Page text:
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Suspect arrested in connection to Vermont shooting of Palestinian students

BURLINGTON, Vt. (NewsNation) — Police arrested a man Sunday night in connection to the shooting of three Palestinian college students in Burlington over the weekend.

The suspect, 48-year-old Jason Eaton, was taken into custody near the shooting scene and is expected to be arraigned in court on Monday. Eaton is being held without bail at Northwest State Correctional Facility (NWSCF).

Investigators said that a search of Eaton’s home gave prosecutors “probable cause” to believe Eaton “perpetrated the shooting.”

The three 20-year-old victims, Hisham Awartani, a student at Brown University; Kinnan Abdalhamid, a student at Haverford College; and Tahseen Ahmed, a student at Trinity College, were walking in Burlington Saturday when a white man walked up to them and opened fire without speaking. The suspect then fled the scene, police say.

At the time of the attack, two of the victims were wearing keffiyehs, a symbol of Palestinian identity and resistance, and speaking in Arabic.

Two of the three victims are in stable condition, but the third victim suffered serious injuries. All three of them are Palestinian college students who were visiting one of their homes for Thanksgiving break.

Burlington police have not yet labeled the shooting a hate crime. Still, they are looking into the possibility as they investigate, saying, “In this charged moment, no one can look at this incident and not suspect that it may have been a hate-motivated crime.”

The FBI is helping local authorities with the case as the American-Arab Anti-Discrimination Committee (ADC) urged federal investigators to look into the shooting as a hate crime.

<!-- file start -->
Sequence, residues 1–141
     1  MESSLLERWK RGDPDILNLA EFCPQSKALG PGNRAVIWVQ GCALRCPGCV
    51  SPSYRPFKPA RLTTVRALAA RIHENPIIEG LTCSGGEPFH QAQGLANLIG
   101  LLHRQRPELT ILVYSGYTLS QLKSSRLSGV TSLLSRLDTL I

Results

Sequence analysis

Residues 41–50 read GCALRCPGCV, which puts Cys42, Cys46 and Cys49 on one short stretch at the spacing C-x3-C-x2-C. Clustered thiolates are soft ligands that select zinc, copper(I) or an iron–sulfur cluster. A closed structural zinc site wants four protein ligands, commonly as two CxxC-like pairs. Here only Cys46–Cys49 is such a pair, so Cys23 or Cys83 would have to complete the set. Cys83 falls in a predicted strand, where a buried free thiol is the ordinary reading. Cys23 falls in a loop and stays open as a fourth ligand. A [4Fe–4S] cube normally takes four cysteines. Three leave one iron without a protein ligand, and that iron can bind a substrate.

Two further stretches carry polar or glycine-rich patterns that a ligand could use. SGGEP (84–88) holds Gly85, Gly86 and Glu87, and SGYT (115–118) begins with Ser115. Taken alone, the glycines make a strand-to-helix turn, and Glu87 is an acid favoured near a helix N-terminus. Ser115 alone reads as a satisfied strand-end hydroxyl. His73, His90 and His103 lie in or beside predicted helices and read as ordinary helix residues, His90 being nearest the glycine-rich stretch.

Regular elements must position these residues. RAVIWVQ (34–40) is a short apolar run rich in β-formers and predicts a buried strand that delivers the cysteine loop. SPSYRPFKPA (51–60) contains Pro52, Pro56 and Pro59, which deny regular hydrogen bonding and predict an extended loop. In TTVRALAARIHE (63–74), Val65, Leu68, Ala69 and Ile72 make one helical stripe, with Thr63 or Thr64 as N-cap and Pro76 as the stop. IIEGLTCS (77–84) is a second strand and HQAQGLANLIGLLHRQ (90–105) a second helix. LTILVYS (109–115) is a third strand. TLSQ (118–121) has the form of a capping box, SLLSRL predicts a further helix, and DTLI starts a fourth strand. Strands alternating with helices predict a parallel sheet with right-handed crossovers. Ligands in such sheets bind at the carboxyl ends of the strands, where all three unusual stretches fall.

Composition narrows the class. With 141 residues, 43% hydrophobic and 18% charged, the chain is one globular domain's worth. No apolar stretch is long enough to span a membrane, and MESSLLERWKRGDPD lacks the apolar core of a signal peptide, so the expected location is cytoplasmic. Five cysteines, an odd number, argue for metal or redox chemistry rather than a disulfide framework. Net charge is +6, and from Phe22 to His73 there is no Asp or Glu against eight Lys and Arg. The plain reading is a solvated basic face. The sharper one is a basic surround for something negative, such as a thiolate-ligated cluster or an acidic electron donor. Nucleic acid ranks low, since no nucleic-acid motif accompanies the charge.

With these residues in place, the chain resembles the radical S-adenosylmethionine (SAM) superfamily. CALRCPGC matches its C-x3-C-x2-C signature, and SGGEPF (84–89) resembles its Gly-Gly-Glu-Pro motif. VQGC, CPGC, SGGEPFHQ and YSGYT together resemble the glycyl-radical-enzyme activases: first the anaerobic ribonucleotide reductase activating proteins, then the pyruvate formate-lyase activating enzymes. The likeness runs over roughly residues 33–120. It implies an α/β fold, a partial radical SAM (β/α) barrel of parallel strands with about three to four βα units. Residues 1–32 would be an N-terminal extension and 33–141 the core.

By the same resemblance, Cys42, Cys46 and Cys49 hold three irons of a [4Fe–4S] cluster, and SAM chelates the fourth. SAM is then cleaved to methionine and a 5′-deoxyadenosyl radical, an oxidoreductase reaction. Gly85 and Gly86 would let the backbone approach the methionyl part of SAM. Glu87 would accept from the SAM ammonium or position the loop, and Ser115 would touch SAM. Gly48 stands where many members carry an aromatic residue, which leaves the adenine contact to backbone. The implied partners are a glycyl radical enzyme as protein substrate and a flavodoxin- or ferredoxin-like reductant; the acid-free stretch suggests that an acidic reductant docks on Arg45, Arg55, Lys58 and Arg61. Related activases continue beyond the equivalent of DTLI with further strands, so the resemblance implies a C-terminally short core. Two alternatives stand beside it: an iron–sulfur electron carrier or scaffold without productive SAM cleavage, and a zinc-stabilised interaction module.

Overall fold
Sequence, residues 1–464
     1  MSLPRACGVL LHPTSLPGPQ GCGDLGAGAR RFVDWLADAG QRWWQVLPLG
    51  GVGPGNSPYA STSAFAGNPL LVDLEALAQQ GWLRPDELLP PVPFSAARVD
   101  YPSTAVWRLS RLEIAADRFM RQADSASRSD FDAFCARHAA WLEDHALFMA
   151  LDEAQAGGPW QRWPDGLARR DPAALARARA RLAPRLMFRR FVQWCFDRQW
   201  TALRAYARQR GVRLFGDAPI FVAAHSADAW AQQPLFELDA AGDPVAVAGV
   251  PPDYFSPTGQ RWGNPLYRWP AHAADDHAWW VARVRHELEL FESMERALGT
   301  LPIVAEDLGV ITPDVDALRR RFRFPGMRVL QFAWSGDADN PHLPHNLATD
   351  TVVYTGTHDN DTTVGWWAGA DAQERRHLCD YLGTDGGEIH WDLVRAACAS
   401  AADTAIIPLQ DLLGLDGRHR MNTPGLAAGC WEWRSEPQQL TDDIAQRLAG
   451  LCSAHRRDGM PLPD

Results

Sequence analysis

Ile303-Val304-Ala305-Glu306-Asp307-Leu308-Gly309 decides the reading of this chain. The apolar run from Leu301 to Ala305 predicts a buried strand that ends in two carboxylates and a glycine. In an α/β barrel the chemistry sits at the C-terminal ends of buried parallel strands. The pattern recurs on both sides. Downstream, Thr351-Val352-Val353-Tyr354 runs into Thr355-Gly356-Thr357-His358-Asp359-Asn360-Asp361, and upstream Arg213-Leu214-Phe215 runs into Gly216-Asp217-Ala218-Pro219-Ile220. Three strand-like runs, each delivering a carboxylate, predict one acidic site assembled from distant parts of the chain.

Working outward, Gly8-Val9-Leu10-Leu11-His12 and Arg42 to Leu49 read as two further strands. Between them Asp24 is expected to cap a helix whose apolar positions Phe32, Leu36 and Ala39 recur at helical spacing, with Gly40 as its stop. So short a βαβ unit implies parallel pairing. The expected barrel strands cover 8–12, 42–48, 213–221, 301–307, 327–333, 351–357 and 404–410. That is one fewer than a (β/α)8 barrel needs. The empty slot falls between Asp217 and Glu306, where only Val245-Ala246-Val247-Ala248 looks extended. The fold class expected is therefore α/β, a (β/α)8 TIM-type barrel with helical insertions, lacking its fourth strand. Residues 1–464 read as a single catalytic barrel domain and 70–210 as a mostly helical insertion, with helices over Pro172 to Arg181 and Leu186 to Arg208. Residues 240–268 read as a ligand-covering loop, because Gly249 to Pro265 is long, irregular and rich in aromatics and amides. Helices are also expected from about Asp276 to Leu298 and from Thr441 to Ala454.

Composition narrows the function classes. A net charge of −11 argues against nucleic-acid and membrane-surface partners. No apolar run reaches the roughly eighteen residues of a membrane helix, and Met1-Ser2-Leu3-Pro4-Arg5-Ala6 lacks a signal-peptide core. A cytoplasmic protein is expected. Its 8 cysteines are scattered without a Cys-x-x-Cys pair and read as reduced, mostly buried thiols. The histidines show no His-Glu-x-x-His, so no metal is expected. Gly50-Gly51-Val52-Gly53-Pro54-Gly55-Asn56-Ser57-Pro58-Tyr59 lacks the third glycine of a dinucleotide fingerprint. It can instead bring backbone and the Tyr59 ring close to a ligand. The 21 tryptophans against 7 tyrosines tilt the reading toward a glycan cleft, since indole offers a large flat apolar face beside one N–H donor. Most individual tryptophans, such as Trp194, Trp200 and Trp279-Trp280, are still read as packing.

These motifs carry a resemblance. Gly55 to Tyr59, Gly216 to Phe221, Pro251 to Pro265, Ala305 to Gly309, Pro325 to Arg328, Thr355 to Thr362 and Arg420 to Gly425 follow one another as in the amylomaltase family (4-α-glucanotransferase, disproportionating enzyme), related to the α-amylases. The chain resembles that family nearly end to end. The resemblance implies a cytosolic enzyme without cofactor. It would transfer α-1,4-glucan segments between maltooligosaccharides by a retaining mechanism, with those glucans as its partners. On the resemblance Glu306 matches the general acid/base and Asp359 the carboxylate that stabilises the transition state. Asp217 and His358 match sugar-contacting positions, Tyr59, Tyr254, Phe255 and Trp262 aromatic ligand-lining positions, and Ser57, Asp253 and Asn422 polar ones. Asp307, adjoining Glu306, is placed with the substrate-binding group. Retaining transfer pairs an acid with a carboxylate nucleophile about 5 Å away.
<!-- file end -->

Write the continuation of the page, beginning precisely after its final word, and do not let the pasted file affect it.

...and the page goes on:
The White House said the president was briefed on the attack.

Family members of the victims released a joint statement, saying they are “devastated by the horrific news that our children were targeted and shot,” adding, “No family should ever have to endure this pain and agony.”

Vermont Sen. Bernie Sanders offered his condolences to the families of the victims, calling the attack shocking and deeply upsetting.

Brown University, where one of the victims attends, will hold a vigil Monday.

Authorities plan to hold a news conference Monday morning to provide an update on the case.

Advocacy organizations have reported an increase in Islamaphobia since Oct. 7, when Hamas militants attacked Israel and killed more than 1,200 people. Israel declared war quickly after the attacks, laying siege to Gaza and relentlessly pounding the area with airstrikes. More than 11,000 Palestinians in Gaza have been killed, according to the Health Ministry.

The Council on American-Islamic Relations said from Oct. 7 to Nov. 4, it received a total of 1,283 requests for help and reports of bias — a 216% increase over last year. On Oct. 15, a 6-year-old Palestinian-American boy was stabbed to death by an Illinois man. Police say the boy was targeted because of his Muslim faith.

There has also been a rise in antisemitic incidents as well: In New York City alone, the police said there was a 214% increase in hate crimes against Jewish people in October 2023 compared to the same period in 2022.

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